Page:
In the past week, an important event in theatrical history celebrated an even more crucial event in our nation’s political history, when Gerald Rafshoon and Lawrence Wright (confidante and Pulitzer Prize winning playwright) presented “Camp David,” a dramatization of the thirteen volatile days of intense debate that produced the first negotiated agreement on a peace initiative between Egypt’s Anwar Sadat and Israel’s Menachem Begin; the most historically vital achievement of the Carter Presidency.
Silent but looming above the stage was another salient participant: a critical advisor to both Begin and Carter, before and during this impossible parlay; the Nobel Peace Prize winning Holocaust survivor, Elie Weisel. The world is sadly aware of what has transpired, in the wake of that first all-but-impossible initiative, that President Carter still considers to have been crucial. Less known but starkly telling, is the unusual path Elie Weisel has taken to American citizenship, disappointment with Israeli disregard of the plight of other similar sufferers and his own growing interest in less harshly orthodox, more liberal and tolerant practices of other religious groups.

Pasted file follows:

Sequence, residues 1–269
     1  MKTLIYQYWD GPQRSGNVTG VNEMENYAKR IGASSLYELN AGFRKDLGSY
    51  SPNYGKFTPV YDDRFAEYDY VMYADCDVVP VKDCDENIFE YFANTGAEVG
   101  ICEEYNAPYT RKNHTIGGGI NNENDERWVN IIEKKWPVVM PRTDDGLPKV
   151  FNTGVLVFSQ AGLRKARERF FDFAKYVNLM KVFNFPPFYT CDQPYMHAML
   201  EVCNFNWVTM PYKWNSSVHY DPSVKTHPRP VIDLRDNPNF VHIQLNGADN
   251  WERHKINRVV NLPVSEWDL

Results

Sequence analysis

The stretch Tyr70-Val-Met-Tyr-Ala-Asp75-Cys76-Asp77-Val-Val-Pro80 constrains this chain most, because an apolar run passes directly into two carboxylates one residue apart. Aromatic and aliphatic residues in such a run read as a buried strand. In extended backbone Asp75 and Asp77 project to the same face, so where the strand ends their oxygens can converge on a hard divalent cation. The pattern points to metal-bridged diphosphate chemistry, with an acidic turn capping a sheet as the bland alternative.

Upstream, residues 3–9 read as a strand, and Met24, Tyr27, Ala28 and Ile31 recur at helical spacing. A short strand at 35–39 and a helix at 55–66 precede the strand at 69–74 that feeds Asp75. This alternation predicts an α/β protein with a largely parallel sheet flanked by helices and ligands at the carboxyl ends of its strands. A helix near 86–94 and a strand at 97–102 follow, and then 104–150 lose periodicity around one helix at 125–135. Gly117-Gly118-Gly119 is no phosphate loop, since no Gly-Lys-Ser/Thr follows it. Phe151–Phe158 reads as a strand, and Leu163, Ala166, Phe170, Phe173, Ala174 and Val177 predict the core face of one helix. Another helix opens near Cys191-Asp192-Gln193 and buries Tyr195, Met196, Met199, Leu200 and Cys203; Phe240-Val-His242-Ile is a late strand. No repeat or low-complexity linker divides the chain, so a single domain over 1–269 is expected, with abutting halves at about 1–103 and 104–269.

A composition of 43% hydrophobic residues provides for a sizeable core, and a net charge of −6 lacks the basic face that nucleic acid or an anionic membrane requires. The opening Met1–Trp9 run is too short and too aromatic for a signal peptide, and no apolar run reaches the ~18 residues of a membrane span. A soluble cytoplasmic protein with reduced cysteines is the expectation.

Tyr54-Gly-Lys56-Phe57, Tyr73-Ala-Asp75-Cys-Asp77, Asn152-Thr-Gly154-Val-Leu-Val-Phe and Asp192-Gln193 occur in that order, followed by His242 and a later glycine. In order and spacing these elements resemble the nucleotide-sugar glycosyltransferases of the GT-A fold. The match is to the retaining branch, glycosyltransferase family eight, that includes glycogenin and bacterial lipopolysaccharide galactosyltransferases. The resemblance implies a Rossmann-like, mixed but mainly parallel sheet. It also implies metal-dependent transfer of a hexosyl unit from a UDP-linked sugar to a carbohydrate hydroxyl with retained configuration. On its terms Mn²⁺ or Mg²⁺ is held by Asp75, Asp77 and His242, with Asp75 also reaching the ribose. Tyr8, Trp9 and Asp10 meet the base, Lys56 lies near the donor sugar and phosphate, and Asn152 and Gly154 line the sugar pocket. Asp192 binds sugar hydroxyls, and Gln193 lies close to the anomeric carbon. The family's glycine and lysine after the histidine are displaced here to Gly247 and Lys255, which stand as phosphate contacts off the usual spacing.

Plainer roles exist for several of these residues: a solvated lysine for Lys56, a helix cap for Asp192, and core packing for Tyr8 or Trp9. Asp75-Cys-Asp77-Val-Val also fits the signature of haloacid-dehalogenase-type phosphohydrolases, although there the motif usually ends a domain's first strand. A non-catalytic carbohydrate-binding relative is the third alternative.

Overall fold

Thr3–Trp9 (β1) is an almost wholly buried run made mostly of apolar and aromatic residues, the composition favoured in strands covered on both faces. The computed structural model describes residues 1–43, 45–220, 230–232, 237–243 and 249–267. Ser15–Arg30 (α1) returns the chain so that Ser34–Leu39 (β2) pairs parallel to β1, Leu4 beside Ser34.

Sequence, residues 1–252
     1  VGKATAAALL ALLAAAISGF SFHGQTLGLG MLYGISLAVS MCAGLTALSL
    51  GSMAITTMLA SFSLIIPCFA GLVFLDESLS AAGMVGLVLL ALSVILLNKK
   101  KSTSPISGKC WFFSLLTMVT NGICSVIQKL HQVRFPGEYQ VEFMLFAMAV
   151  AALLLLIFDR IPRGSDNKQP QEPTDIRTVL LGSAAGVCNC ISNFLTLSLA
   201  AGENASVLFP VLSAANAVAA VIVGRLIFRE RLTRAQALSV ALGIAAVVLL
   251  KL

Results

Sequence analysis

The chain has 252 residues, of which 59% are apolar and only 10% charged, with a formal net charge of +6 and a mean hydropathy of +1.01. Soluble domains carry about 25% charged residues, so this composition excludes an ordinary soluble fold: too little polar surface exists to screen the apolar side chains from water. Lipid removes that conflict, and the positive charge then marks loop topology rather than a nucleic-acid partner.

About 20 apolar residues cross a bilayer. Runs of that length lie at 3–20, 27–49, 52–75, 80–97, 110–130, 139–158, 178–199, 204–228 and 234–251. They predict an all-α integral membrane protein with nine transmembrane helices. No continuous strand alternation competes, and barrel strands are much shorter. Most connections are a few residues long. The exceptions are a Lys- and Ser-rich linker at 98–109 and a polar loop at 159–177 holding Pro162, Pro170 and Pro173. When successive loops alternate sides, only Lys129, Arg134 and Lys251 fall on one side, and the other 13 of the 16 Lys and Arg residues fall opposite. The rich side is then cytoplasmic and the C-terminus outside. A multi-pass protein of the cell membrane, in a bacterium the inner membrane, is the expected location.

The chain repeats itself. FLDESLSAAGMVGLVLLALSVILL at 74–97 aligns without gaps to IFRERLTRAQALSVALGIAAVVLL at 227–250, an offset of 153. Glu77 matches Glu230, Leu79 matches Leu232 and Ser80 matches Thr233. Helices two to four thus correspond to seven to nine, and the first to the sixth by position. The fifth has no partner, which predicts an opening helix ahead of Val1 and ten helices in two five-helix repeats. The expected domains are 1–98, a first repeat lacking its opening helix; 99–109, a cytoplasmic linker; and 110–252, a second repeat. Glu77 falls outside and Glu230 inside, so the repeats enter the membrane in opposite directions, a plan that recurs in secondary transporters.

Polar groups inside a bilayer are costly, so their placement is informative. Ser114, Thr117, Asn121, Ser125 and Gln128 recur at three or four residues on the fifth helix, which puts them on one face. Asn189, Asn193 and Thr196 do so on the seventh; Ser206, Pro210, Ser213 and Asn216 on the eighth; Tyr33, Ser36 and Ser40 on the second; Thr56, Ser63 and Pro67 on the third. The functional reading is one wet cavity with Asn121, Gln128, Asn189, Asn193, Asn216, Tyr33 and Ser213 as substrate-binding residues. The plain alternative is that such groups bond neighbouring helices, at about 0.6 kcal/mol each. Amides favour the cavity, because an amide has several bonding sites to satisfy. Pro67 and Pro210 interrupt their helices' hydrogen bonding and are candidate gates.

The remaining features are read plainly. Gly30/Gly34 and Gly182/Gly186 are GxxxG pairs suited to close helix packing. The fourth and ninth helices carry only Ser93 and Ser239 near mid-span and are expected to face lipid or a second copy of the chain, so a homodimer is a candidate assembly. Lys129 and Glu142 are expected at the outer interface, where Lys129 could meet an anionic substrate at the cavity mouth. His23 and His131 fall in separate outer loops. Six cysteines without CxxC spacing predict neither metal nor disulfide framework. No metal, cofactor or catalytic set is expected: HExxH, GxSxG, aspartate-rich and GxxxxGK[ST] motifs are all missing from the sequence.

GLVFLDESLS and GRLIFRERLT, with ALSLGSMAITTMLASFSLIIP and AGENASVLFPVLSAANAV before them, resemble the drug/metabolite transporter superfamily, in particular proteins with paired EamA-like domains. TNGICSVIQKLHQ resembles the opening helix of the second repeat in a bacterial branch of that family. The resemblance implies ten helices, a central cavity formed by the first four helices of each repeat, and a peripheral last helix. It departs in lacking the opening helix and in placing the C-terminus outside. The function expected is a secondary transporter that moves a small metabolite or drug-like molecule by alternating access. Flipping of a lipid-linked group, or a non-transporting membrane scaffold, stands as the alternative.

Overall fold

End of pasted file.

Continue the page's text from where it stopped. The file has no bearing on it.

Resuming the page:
In light of the familial suffering Weisel has experienced, the intensity and commendable worth of his responses and their human and humane value to all, the current Israeli Prime Minister and his cohorts; plus many Jewish and non-Jewish political supporters of Israel in the United States, should pay respectful attention to the words and deeds of this truly exemplary, worthy and willing consultant.
The views expressed by commentators are solely those of the authors. They do not necessarily reflect the views of this station or its management.